Dung was positive about such encouraging signs, saying that a number of administrative reforms and innovations will continue improving the country’s business environment and domestic demand, as well as positive impact from recently signed free trade agreements, namely the Comprehensive and Progressive Agreement for Trans-Pacific Partnership.

Regarding economic growth, Nguyen Mai, Chairman of the Vietnam’s Association of Foreign Investment Enterprises (VAFIE), said the country’s level of foreign investment attraction, especially in the private sector, was an important factor contributing to overall economic growth.

He believed that 2018’s total FDI invested capital would reach $19 billion, since 2017’s number was already a record breaking $17.5 billion.

Warrick Cleine, Chairman and CEO of KPMG in Vietnam and Cambodia, highly appreciated growing investors’ confidence in the Vietnamese economy and business environment.

In the medium and long term, Minister Dung said Viet Nam’s economy promised both opportunities and challenges, with forecasts suggesting that average GDP growth in Viet Nam in the 2018-2020 period might reach 6.85 to 7 per cent annually.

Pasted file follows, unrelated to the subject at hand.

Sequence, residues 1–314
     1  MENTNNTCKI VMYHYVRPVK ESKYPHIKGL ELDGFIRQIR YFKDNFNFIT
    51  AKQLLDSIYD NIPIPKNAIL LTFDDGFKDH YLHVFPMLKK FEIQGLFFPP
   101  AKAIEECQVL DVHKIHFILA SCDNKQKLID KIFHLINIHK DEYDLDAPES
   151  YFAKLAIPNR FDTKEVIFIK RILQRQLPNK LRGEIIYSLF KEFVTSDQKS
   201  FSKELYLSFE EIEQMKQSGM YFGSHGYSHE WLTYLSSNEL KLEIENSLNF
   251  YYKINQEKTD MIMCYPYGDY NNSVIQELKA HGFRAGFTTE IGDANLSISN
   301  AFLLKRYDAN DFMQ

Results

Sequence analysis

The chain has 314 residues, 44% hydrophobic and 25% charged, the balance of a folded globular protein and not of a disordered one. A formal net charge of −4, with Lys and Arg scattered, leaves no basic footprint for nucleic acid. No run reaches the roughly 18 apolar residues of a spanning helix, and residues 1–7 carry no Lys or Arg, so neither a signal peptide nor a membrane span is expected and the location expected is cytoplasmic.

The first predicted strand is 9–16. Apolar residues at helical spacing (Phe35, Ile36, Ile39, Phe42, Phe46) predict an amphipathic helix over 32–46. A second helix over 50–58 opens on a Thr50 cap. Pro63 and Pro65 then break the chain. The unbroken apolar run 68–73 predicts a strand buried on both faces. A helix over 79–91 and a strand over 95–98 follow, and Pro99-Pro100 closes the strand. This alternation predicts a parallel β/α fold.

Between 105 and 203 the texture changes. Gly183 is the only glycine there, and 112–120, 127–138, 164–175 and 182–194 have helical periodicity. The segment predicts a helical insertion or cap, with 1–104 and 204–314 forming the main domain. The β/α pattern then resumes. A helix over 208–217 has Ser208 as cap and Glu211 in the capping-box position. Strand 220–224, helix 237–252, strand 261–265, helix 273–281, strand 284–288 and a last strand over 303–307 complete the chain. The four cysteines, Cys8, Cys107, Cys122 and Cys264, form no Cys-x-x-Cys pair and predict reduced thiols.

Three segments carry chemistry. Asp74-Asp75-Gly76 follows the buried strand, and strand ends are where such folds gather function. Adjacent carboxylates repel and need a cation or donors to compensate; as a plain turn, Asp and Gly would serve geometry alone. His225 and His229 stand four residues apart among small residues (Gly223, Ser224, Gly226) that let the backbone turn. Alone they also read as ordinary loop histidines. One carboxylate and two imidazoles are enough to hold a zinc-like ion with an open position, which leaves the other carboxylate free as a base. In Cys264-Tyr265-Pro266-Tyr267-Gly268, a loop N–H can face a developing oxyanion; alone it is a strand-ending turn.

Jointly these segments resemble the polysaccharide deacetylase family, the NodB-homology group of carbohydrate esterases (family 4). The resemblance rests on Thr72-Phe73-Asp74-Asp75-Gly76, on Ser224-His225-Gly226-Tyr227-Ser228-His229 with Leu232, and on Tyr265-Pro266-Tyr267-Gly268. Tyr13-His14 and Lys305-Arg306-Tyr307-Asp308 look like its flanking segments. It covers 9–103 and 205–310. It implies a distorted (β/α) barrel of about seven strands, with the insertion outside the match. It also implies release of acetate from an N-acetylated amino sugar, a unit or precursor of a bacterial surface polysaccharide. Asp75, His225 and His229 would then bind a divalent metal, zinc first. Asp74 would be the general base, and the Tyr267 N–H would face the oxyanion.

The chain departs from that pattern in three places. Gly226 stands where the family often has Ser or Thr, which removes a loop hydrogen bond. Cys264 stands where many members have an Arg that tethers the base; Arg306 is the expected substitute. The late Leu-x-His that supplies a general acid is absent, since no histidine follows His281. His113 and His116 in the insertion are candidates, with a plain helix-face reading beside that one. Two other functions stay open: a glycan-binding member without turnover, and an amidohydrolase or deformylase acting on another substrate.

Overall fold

He also added that the Government was aware of internal problems, as well as negative external impacts that might affect the country’s economic development, as Viet Nam aimed for a breakthrough towards rapid and sustainable growth on the basis of technology.

However, there was much to do before such goals and expectations were achieved on all levels of administrative government and economic sectors to maintain the growth momentum, said Dung.

Yesterday’s event was organised by the VAFIE in collaboration with KPMG Vietnam. The key focus was placed on analysing and assessing the country’s economic situation and prospects until 2020, as well as practical solutions for a new sustainably driving force for growth.